Monday, October 30, 2006

Was it the tree branch or the aluminum can?

Stepped on two things today that hurt while running on the grass at Greenbrook Park.

Thing one was a tree branch. There was a lot of wind yesterday. The wind brought down a lot of sticks. I was just running happily along and all of a sudden crack - I was breaking a knobby branch under my foot.

Thing two was a compactly crushed old aluminum soda can. Couldn't do much about that one.

So when I got home I felt a little damp under my right foot, and sure enough I had a flap of skin torn away under the middle of my foot. It was bleeding just a little. Took a photo for the blog. After satisfying my carb craving with some juice and some fig bars, I took a shower and cleaned it well, then put a band aid on it. And I have been wearing socks tonight around the house, just to keep it clean. Don't want to jeopardize my New York Marathon on Sunday!

Can't decide if it was the branch or the can that did it.

Tuesday, October 24, 2006

Barefoot Ted's Adventures: Barefooting the Grand Canyon

Barefoot Ted's Adventures: Barefooting the Grand Canyon: "If you ask the question, 'Can one run down the Grand Canyon barefoot?', the answer would be yes. If you ask the question, 'Should one run down the Grand Canyon barefoot?', the answer should be, 'Hell no!'"

Ted has done something I have dreamed of doing since 1995 - and he did it barefoot! In '95 I would have never dreamed that. And if I went to the Grand Canyon today, I would do it in shoes. I don't think I could handle the trail barefoot. Ted didn't really make his goal of a rim-to-rim run, but considering the problems his group had to overcome, getting rim to river and back barefoot is still awesome!

Wednesday, October 04, 2006

Eniva VIBE

It is amazing that this stuff is not illegal. I have been using Eniva VIBE since last Friday. I can definitely report that my runs take less effort and my recovery has been amazing. I believe my body is using fuel and oxygen more efficiently. Not only do I notice this while I am running, but I notice it all the time. My breathing rate and heart rate is lower during everyday activities and I feel full of air as if my lungs are more inflated - just walking feels like I am pulled up by this inflation as if I was a floating balloon. I have not changed my eating patterns. I have continued to eat normally, yet lost some weight, and I am not experiencing hunger and carb highs or lows, as I had been tending to previously. I feel much more wide awake, without the use of several cups of coffee, even though I have not added extra sleep. My tendonitis in my Achilles continues to improve. All this while increasing mileage!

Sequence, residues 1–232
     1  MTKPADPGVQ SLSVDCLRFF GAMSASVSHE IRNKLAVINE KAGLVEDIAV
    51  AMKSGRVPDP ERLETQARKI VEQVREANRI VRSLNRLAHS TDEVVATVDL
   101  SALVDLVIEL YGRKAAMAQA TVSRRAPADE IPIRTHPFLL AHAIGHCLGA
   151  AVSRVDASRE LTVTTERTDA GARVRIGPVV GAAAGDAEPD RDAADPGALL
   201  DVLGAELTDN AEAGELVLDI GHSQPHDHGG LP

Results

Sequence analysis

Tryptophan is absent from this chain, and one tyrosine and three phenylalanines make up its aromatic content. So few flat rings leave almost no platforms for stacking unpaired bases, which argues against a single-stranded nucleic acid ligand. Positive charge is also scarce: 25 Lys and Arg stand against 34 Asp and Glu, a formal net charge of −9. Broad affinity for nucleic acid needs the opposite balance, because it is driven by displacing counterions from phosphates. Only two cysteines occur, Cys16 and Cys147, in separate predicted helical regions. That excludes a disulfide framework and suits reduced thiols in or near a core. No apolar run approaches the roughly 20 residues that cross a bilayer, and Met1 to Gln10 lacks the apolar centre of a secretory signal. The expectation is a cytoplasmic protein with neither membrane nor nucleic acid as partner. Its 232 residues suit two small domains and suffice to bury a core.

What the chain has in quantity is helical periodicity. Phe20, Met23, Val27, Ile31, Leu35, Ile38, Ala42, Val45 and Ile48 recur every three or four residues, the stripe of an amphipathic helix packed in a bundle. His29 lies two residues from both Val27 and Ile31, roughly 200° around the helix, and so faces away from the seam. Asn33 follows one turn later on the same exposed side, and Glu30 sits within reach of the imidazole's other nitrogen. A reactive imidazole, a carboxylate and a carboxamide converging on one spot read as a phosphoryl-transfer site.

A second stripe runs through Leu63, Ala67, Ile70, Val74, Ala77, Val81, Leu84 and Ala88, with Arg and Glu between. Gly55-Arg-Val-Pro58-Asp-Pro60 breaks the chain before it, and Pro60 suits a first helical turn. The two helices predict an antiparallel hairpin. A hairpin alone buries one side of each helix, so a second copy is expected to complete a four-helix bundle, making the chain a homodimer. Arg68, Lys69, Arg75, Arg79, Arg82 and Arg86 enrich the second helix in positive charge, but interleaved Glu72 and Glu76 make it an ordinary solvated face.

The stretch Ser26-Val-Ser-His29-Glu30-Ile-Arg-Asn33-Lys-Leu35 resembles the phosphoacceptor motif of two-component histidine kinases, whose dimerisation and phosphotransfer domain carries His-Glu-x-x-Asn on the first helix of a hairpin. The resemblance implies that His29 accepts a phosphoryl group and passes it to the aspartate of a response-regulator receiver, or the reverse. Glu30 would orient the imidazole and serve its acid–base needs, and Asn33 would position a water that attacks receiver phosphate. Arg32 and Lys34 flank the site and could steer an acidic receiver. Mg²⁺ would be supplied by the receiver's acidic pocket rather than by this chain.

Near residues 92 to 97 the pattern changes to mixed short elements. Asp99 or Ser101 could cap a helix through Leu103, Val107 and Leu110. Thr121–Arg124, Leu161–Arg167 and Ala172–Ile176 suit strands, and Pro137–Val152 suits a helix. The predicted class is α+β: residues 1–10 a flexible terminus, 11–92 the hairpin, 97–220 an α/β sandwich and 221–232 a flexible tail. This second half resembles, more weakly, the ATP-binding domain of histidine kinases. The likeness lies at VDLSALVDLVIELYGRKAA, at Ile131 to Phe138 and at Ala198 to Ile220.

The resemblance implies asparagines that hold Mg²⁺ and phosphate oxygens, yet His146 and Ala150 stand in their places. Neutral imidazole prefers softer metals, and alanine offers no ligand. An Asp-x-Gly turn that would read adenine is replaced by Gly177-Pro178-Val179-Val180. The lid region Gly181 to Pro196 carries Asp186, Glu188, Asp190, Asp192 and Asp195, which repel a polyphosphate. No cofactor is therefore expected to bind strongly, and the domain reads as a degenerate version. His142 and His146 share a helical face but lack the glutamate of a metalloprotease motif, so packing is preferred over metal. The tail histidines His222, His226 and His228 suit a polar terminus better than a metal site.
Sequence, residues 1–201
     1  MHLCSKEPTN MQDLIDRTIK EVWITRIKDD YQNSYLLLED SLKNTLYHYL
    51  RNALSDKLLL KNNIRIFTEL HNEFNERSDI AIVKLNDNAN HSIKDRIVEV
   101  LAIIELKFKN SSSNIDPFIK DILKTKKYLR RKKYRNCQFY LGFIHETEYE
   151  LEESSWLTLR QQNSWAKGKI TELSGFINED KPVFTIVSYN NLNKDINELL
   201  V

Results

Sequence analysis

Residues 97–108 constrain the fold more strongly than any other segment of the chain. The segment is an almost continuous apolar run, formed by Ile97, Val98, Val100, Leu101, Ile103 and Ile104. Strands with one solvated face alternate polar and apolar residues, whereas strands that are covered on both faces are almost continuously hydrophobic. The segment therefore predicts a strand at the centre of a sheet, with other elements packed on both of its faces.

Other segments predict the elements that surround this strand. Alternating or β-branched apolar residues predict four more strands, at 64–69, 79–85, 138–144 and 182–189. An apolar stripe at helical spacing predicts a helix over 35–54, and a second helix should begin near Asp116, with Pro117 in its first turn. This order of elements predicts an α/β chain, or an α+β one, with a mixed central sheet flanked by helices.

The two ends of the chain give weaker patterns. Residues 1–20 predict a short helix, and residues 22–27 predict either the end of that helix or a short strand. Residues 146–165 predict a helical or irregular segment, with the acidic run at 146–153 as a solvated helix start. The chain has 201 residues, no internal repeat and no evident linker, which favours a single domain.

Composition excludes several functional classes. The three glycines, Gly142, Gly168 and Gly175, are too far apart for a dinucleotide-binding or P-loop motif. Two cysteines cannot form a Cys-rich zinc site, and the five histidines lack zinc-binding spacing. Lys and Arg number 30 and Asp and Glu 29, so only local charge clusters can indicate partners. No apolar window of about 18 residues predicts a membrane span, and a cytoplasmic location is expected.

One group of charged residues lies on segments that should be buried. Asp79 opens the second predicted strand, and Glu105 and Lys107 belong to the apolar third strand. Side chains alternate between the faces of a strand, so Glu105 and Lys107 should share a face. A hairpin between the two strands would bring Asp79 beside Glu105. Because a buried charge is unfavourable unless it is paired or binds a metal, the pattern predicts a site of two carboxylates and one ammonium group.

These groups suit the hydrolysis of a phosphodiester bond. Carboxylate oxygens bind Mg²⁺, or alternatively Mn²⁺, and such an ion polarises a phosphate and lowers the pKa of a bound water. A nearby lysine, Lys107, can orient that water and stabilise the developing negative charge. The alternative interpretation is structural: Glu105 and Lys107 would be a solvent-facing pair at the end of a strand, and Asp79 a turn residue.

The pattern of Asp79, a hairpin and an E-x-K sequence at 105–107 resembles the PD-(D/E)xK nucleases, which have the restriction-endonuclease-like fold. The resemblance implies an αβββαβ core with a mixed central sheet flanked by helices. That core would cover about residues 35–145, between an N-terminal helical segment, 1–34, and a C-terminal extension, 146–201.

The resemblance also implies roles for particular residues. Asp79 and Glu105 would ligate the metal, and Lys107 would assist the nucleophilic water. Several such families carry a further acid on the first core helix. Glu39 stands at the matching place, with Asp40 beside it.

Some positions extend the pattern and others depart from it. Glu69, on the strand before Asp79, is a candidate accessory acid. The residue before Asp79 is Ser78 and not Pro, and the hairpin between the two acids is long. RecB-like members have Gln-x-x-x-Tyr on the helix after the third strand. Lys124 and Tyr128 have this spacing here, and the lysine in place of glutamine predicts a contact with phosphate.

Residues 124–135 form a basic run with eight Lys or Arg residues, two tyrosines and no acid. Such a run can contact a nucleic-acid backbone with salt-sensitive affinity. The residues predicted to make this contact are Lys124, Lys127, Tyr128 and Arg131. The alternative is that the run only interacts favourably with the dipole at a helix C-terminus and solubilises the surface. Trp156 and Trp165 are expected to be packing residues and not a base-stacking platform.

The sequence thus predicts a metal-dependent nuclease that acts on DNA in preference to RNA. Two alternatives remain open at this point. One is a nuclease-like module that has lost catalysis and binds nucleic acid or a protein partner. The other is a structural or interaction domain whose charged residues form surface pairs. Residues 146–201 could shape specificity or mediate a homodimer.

Tuesday, October 03, 2006

My Left Foot

When I run barefoot on pavement lately, my left foot feels less perfect than my right foot. On pavement, it seems to pick up more twisting friction at lift-off, and has a slight amount of landing friction, kinda like I am gliding forward into the landing with that foot. Before relearning to run barefoot, I had left ankle sprain issues, which was one of the factors that led me to run barefoot. Also, the extra friction thing only started this summer, around the same time I had some (now improving) Achilles tendon / PF issues. Perhaps it is a contributing factor. Also, I have been more "up on my toes" than ever before this summer - an evolution, this being my 3rd running barefoot. Last week, I noticed I do not have these twist and landing friction issues on grass. (Yeah, completely different surface features, but it is more than that. Read on...) So within the last week I have analyzed what I do different on grass as opposed to roads. I ran on that grassy strip between the road and the sidewalk, then would switch to the road or sidewalk, then back to the grassy strip. Here is what I can tell: On grass I twist my upper body slightly more when my left foot lands and lifts. That is to say, that my left shoulder travels a little more forward and back - It is a matter of about an inch difference each way. I don't know why this is. When I carry it over to the road, then I have no extra friction. But I still have to think about it. In a few weeks it will probably become autonomic. Perhaps the body twisting compensates for the foot twisting? I could not be sure of the biomechanics without complicated high speed digital imaging and computer footstrike analysis, but it feels right to me.

Vertical torso, but allow it to twist. Hips rotate with your legs, shoulders rotate with your arms."